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PostPosted: Thu Apr 10, 2014 7:11 pm 
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A mum whose boy attends CRGS (year 8 ) and another mum whose daughter attends ColCHS (year 7) told me: 90-95 percent of their classmates were born between September and January. Is it true?


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PostPosted: Thu Apr 10, 2014 7:39 pm 
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I have DC's at both Colchester Grammars, one autumn born, one spring born. A quick poll of their friends birthdays does not agree with this. DD has a friend with a birthday of 31st August, and DS has been to two birthday parties in the last two weeks. DD says there are alot of autumn birthdays in her class but certainly not more than 50% (They are not in the year groups you have quoted though).
Given that birth rates in this country peak between July and October, there should statistically be more early autumn and late summer birthdays than other months in a year group.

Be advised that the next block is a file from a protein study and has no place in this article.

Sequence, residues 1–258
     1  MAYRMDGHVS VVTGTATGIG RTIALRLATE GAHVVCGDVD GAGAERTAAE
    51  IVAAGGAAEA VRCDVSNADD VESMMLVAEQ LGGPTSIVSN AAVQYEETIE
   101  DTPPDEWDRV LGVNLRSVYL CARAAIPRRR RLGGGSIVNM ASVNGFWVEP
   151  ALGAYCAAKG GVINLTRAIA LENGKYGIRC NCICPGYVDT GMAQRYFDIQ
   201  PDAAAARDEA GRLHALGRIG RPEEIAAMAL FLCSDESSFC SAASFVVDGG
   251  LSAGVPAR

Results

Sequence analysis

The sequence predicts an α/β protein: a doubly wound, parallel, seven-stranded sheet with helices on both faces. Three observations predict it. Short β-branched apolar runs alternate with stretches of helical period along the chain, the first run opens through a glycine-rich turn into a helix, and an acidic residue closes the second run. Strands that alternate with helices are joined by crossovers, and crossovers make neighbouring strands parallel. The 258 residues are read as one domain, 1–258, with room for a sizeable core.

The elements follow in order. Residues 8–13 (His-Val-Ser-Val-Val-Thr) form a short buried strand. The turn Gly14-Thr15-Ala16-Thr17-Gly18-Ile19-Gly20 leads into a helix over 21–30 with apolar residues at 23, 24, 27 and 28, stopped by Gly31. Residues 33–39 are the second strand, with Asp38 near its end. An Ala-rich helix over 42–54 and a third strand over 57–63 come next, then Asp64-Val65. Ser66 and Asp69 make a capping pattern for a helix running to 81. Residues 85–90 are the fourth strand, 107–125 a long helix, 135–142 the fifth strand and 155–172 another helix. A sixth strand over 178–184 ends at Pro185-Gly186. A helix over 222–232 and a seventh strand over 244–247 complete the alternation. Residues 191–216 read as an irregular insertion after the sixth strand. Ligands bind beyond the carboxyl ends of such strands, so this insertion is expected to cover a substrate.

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PostPosted: Thu Apr 10, 2014 7:54 pm 
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I agree with Minesatea my DD is Summer born but not the youngest and of her friends about 50% are Autumn term born..


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PostPosted: Thu Apr 10, 2014 7:57 pm 
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If it is age standardised that won't be true - that's the whole point if standardisation. I don't know if it is in your area?


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PostPosted: Thu Apr 10, 2014 8:18 pm 
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Quote:
Given that birth rates in this country peak between July and October, there should statistically be more early autumn and late summer birthdays than other months in a year group.


Dark winter evenings and Christmas and New year celebrations! :lol: